Developing a Liturgy for the Jewish Communal Profession
By Steven Windmueller, Ph.D.
In the Journal of Jewish Communal Service (Volume 80, 2004), I had occasion to publish an article entitled, “Developing a Liturgy for the Jewish Communal Profession.” In that piece I offered the following observation:
Although many of us became Jewish communal professionals because of our commitment to the Jewish tradition and its values, there has been no specific liturgy or ritual related to Jewish communal service. This article explores the religious roots of Jewish communal service and presents a prayer that both defines the special role of the professional and acknowledges the contributions of the field to the Jewish people.
Indeed, throughout our history Jews created individualized mitzvoth that addressed the appropriate charitable obligations that they were expected to exercise on behalf of the community:
- Malbish Arumim: Society to clothe the naked
- Talmud Torah: Educational services to provide for children
- Ha-Knasat Kallah: Fund to assist maidens with a dowry
- Maot Hittim: Passover assistance for poor families
- Bet Yetomim: Care for orphans
- Bikkur Holim: Society for visiting the sick
- Moshab Zekenim: Services for the elderly
- Hesed Shel Emet: Jewish burial society
- Pidyon Shebuyim: Committee for the ransom of captives and refugees
- Kubbah Shel Zedakah: Charity fund
Jewish liturgy reflects the story of the Jewish people, with its emphasis on collective responsibility for the welfare of the community. Most Jewish prayers are recited in the first person plural, reflecting the collective character and shared historical experiences of our community. This notion is based on the Talmudic injunction, “All members of Israel are responsible for each other” and “all members of Israel are companions” (b.Sanhedrin 27b, Shevuoth 39a).
In the traditional Siddur, we find references to those who engage in tsarchei tsibbur (providing for “the needs of the community”):
“…those who give lamps for light and wine for Kiddush and Havdalah, bread to wayfarers and charity to the poor and all those who occupy themselves in faithfulness with the wants of the congregation (community). May the Holy One, blessed be He, give them their reward; may He remove from them all sickness: may He heal their body, forgive all their iniquity, and send blessing and prosperity upon all the work of their hands, and upon all Israel their brethren; and let us say. Amen.”
In more recent times, the focus would remain on acknowledging those who serve the community as evidenced by the Union Prayer Book (1940):
“May He reward with the joy of goodness the charitable and the merciful – succor the poor, care for the sick, teach the ignorant, and stretch forth their helping hand to those who have lost their way in the world.” (pp. 98-99).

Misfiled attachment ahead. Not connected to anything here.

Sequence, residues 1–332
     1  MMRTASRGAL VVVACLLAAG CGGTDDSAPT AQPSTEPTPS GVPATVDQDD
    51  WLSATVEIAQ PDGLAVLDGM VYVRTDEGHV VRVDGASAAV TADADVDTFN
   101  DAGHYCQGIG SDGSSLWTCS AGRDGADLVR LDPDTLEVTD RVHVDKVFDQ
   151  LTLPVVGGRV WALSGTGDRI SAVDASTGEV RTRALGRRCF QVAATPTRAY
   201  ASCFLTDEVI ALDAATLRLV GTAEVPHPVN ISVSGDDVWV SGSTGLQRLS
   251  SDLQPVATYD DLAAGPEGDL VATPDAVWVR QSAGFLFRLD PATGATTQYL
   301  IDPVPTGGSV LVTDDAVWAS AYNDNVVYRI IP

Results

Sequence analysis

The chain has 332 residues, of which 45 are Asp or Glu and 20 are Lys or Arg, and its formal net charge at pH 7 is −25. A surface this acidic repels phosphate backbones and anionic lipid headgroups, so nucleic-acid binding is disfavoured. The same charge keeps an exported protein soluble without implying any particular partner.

There has been a great deal of experimentation with Jewish religious practice in more recent decades. Commenting on this trend, Professor Lawrence Hoffman stated that creative worship “provides unmistakable attempts to develop Jewish liturgies that reflect American Jewish consciousness.” (Beyond the text: A holistic approach to liturgy, 1987, p . 83)
Marcia Falk’s The Book of Blessings (1996) and CLAL’s publication, The Book of Jewish Sacred Practices (2002), among other such initiatives, incorporated innovative ceremonies, rituals, and prayers in the area of leadership and communal life. Such practices include “building a pluralist Jewish community, examining ourselves as leaders, taking on new responsibilities, and installing a new communal leader” (Kula, 2002).
The discipline of Jewish communal service is a 20th century phenomenon and as such has been continually developing both its identity and place within Jewish life. The development of liturgy generally takes a significant period of time to form and to become a part of social culture and religious practice of a community, in part explaining why such prayers have not appeared earlier. In the early decades of this past century, there existed an artificial disconnect between the communal sector and the religious enterprise; today, that divide is no longer so prevalent.
During my tenure as the director of Hebrew Union College’s School of Jewish Nonprofit Management (now the Zelikow School), with the encouragement and support of a number of colleagues, I had occasion to introduce this liturgy. Over time, various emendations to this text have been introduced, as various groups have incorporated this prayer or similar expressions as a way to recognize and honor their current and future professional colleagues.
This liturgy is presented below:
O God, grant honor to those who serve the household of Israel,
Give strength to these Your klei kodesh, Your sacred vessels.
Who seek to fulfill the mitzvot, by promoting tzedekah through the world.
Their work extends Your own. Their actions manifest Your loving kindness.
Since the days of the Levites, they have served our people in every age, in every place.
Even risking their lives to insure the wellbeing of the tents of Jacob.
They inspire us through their words and deeds, as they strive:
To protect the sanctity and welfare of each Jew
To care for those in need, for the poor and ill amongst old, the young, for those and us whose voices cannot be heard
To rescue those in danger
To speak and act against injustice
To inspire and lead our institutions
To build our communities
To help fulfill the promise of building the Jewish state.
Blessed are You, Eternal God, whose vision is fulfilled through the hands of Your servants.
The complete article from 2004 in the Journal of Jewish Communal Service can be found here.
Steven Windmueller Ph. D. on behalf of the Wind Group, Consulting for the Jewish Future. Dr. Windmueller’s collection of articles can be found on his website: www.thewindreport.com.